Frances Anne Kemble

(27 November 1809 - 15 January 1893 / London, England)

The Fellowship Of Genius - Poem by Frances Anne Kemble

O hearts of flesh! O beating hearts of love!
O twining hands of human dear desire!—
How, when your glorious mate begins to move,
How shall ye follow those wide wings of fire
That bear him up? Ah! to the chariot wheels,
That wrap the child of genius to the sky,
Breathless ye cling till round the great world reels,
And ye fall fainting down despairingly!
Bleeding and blind ye fall, and still his flight,
Serene and strong, is upward to the light,
Nearer the sun and farther yet from ye,
Kindred alone of his mortality.
Awhile he stood beside ye, and awhile
His tender eyes, and lovely loving smile,
Made you believe he was indeed your brother:
But deep within that being lay another
Fearful as fair, no simple son of earth,
Of all created things the wondrous birth;
Immortal, Infinite, born to inherit
Matter, and mind, and sense, and subtlest spirit.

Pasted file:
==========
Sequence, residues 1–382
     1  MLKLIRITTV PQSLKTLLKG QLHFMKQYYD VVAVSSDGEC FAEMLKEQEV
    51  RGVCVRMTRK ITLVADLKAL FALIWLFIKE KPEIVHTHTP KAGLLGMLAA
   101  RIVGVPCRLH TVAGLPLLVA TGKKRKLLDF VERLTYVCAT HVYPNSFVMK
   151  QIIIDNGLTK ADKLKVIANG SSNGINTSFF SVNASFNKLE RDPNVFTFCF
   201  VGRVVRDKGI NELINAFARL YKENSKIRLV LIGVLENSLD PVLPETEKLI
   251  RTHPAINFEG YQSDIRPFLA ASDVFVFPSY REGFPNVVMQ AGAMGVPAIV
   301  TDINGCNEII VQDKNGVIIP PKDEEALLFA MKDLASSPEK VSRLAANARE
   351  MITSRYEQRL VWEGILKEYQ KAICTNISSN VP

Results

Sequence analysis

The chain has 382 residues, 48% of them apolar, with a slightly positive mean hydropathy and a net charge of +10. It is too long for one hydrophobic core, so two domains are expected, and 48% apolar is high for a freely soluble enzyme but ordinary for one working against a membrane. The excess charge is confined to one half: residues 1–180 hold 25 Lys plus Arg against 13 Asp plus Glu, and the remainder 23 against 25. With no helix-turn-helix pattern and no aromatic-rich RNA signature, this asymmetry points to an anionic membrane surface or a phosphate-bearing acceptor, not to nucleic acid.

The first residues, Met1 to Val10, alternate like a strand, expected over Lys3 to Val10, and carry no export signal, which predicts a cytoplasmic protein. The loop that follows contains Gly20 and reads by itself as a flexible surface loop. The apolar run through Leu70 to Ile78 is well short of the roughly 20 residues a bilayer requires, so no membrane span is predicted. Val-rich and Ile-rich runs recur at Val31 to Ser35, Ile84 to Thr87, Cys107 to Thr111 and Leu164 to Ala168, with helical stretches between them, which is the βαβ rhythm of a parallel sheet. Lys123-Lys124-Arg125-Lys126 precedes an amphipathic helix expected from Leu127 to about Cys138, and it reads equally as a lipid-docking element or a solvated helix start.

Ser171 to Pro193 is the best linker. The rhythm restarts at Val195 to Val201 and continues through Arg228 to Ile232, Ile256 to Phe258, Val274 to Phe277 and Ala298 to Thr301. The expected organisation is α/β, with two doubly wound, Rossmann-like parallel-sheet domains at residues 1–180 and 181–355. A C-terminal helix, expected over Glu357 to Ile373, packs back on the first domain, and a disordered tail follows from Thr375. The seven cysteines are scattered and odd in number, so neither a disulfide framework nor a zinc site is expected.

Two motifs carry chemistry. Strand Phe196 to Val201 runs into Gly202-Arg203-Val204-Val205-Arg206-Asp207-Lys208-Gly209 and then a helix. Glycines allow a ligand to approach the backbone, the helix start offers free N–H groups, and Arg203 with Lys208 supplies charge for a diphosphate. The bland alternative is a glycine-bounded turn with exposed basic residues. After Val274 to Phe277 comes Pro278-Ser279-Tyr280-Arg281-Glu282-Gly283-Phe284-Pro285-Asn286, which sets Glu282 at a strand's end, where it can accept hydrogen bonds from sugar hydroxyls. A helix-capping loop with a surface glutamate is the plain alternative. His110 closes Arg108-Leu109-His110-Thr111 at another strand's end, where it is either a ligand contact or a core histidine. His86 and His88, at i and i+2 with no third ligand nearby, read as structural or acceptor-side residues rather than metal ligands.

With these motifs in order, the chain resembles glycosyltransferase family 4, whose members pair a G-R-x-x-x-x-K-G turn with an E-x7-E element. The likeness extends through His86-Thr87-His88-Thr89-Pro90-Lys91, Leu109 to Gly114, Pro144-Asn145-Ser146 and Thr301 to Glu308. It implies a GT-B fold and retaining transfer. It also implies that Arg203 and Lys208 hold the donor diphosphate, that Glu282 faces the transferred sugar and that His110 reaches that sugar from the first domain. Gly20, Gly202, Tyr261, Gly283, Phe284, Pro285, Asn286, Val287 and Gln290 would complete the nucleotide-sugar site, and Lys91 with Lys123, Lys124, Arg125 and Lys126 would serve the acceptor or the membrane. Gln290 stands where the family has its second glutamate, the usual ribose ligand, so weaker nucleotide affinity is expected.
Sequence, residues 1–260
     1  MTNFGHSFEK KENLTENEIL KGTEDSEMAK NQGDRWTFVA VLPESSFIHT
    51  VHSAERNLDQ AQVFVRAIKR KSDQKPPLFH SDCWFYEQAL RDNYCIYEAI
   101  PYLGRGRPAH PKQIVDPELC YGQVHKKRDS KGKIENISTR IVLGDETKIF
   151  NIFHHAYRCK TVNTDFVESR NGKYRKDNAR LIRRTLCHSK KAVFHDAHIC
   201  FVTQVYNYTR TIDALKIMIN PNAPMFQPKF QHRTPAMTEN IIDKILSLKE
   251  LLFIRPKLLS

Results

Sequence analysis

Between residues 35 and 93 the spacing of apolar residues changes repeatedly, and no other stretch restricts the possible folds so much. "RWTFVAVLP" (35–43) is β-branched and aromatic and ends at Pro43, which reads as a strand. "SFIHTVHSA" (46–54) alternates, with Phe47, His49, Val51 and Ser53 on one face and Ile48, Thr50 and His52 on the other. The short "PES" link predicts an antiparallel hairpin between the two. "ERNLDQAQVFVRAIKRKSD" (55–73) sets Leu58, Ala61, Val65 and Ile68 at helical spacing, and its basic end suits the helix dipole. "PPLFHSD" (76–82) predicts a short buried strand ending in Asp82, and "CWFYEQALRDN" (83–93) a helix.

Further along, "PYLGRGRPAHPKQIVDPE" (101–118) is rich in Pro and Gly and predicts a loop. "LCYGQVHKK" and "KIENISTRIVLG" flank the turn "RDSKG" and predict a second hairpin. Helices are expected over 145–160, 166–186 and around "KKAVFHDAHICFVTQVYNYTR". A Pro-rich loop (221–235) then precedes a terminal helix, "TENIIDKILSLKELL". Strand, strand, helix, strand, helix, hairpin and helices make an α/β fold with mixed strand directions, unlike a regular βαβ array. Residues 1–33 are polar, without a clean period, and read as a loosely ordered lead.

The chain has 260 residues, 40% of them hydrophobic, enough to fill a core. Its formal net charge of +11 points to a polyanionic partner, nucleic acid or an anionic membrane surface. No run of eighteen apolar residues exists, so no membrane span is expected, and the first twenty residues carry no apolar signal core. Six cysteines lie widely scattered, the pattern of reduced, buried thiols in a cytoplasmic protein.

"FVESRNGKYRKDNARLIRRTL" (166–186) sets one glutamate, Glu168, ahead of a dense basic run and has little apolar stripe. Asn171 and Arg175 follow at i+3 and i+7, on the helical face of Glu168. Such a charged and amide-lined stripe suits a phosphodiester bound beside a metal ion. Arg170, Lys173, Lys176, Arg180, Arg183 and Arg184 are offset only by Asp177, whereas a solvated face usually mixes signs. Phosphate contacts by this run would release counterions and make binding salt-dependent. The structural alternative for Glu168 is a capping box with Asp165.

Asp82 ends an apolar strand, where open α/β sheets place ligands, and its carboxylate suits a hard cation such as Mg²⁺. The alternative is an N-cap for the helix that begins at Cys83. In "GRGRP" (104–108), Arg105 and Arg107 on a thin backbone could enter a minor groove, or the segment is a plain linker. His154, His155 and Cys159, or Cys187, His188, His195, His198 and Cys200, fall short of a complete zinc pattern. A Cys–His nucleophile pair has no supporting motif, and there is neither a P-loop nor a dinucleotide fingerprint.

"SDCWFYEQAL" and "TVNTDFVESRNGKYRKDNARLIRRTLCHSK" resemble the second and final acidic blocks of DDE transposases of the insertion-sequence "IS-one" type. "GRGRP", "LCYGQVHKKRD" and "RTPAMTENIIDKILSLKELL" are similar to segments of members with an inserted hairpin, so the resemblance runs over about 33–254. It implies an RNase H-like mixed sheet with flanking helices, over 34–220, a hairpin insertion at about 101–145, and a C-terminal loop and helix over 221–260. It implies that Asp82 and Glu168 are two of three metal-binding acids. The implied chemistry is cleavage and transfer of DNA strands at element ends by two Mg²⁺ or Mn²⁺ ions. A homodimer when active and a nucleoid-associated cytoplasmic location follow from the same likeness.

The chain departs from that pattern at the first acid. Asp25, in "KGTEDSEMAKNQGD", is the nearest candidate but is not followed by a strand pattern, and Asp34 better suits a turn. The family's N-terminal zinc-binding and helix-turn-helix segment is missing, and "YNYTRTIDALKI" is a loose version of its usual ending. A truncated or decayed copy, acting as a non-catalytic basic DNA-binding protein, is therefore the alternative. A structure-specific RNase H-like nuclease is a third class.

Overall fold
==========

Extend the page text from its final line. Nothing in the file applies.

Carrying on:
Lo! ye have called this King of all creation
Your fellow, and forgot the heaven-high station
Whence he must gather his great revenue:
Past, Present, Future, all things old and new,
All things in earth and heaven to him belong;
And in the pæans of his conquering song
Love is but one sweet chord, one single verse,
In the great chorus of the universe;
Which, with a voice resounding and sublime,
He utters forth unto all space and time.
O piteous, precious, hapless, human love!
Thou shalt be reaped by this bright son of Jove.
One flower 'mid the whole harvest of the world—
And when his mighty wings are gently furled,
Upon his heart thou shalt lie tenderly;
But when the summons of his destiny
Calls to him through the ages to awake,
One heavenward spring the drooping bud shall shake
Back to the earth, where it shall withering lie
In the broad light of Immortality.


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Poem Submitted: Monday, September 6, 2010



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